I got featured in this youtube video today about 5 different side hustles.
But I think there's more in this video for Indiehackers than just my little story.
Look at how difficult it could be for someone to start and keep working at the side hustles that Noah suggests.
I personally found it hard to sell google sheets, even on Gumroad. So I made OnlySheets. And it's sell well.
Flipping has been a pretty interesting startup in the past few years.
Selling art and crafts at scale might be bigger than Etsy alone.
Look at different side hustles that might need the internet even if it's local. Or look to aggregate certain types of art/crafts that could benefit from being together.
Indiehackers could do really well building niche event tools. I made a google sheet that essentially replicates the parts of a conference. As we get back together and conferences go back to in person, what digital parts can be saved and actually make the event bigger and better.
I think the biggest idea in this video that Indiehackers could use is "go where the customers are".
Are you able to aggregate customers for a certain product? If so, you'll be rich. The riches are not in the Niches. But rather in the audience, the customers.
Control the means of consumption and you'll rule creators!
Here's a crazy idea, not from the video but from my own personal experience.
One small niche on gumroad that might get bigger: audits.
I've already gotten an SEO audit, and I sell newsletter audits on gumroad. Loom is making $98 a year from me in order to this. I've already made $100 selling audits end of last year. And I made another $1k selling audits as part of my newsletter google sheet template.
But I don't think Gumroad is suited for this type of digital service. Yes it's a product, a video. But it's a 1 on 1 video. More like Cameo than Gumroad. Yes I can set up a carrd and stripe account and just go 1 on 1. But I'd rather be on a platform that can help with discovery, like gumroad.com/discover.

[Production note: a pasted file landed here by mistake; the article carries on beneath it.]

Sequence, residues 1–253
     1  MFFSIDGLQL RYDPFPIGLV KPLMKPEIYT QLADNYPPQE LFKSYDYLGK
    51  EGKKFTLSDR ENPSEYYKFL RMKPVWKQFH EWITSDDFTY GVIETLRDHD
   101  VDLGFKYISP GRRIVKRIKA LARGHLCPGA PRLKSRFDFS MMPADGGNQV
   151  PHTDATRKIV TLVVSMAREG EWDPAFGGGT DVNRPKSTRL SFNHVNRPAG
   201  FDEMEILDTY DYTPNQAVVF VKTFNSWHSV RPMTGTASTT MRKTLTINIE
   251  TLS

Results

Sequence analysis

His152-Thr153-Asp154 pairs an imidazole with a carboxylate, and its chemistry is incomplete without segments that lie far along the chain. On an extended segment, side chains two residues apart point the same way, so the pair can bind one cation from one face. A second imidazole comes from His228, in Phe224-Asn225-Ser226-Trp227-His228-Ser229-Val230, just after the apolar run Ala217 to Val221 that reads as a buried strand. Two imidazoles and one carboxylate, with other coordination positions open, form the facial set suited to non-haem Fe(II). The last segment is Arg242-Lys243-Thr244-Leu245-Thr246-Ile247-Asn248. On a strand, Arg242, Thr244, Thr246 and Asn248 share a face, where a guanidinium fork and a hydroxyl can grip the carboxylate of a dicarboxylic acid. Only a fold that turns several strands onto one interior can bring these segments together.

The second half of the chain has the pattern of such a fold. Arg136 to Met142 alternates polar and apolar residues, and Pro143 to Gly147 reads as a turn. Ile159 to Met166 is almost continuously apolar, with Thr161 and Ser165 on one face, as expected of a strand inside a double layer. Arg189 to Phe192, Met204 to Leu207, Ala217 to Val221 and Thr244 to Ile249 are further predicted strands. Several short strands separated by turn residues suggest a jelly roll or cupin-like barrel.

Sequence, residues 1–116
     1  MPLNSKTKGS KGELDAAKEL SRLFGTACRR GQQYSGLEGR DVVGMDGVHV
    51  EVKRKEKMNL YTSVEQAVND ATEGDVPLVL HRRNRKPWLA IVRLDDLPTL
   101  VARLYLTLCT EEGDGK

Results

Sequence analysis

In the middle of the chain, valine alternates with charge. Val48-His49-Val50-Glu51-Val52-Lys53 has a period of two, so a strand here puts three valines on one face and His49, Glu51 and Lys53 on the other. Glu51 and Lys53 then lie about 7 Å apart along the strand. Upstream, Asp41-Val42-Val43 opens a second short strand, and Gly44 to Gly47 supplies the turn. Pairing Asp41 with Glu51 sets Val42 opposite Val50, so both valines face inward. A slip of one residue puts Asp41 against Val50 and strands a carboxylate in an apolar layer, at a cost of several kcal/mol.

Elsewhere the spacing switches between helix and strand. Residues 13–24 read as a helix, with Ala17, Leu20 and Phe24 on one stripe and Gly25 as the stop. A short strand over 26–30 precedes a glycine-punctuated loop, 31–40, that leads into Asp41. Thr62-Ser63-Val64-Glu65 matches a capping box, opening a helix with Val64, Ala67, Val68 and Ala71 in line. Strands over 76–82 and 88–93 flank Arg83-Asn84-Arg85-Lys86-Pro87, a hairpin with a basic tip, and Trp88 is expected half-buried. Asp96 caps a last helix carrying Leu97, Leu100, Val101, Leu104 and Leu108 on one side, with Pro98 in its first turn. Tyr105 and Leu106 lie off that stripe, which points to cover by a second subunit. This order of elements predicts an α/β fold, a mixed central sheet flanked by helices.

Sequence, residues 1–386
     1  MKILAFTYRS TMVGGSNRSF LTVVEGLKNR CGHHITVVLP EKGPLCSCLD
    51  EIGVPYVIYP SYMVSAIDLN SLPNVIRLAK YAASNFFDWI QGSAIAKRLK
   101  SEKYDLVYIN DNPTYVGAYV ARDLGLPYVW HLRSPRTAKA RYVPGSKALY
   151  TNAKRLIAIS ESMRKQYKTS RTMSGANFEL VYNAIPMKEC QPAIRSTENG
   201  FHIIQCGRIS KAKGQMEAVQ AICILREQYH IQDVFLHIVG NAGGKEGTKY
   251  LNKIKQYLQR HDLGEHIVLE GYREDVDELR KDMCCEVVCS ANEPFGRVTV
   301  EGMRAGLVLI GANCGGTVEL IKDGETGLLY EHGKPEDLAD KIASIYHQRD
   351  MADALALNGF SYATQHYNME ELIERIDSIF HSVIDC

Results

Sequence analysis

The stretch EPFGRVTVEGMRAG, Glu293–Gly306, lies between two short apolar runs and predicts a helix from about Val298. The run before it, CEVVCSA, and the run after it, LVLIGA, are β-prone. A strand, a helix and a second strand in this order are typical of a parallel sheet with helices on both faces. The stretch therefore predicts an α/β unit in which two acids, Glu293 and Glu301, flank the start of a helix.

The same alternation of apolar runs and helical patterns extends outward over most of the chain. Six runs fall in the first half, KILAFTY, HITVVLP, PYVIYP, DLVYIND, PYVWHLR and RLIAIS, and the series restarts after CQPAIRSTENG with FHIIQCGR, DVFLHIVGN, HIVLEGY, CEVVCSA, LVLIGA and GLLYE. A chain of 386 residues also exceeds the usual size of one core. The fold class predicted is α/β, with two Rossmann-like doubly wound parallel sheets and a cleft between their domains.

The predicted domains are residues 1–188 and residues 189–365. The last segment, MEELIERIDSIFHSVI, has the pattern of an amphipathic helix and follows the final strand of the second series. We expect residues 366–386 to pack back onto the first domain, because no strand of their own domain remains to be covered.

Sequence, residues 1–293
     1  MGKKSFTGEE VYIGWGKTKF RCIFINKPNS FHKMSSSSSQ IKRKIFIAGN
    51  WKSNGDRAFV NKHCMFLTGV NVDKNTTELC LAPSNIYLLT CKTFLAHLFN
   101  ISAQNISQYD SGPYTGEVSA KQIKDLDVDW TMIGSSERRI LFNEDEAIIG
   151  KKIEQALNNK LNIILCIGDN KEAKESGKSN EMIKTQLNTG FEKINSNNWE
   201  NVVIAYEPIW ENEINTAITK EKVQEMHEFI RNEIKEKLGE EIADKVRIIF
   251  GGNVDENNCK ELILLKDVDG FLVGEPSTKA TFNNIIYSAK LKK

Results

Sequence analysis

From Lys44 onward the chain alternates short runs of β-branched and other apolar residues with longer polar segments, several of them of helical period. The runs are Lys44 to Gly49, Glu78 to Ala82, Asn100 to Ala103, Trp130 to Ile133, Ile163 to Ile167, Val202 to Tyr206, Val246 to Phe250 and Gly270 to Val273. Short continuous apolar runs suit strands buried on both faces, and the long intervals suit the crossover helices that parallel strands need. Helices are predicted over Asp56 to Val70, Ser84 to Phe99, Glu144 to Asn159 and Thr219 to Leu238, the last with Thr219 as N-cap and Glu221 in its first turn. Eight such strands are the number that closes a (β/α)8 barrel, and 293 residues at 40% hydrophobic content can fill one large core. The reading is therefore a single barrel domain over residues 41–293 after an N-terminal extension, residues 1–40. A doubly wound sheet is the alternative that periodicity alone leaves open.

And the fulfillment I handle in a google sheet. But could be a to-do type checklist and aggregation on a platform.
And an ingenious feature you can create if you focus on audits is to allow the end user (not the creator) to accept or deny the ability for other customers to see the audit. Perhaps for a discount or a free followup. This way the creator can show 10 to 20 previous audits to customers while they wait for their personal audit.
Maybe this is an option to get a discounted price from the start as a customer. I'd pay $49 for a $99 audit if I only had to agree that other customers could see the audit. Perhaps even cheaper, like $39 if I allow the audit to be put on youtube.
How do you get customers as an indiehacker? Find anyone with great skills on youtube. They already talk about their skills and you can pitch them to make $1,000 a month.
If you can help people online make $1,000 a month. You'll do really really well.
Can you imagine the LTV of a customer who from your platform makes $1k a month? You could charge $100 a month and feel good about it. You'd only need 834 customers to break $1,000,000 in ARR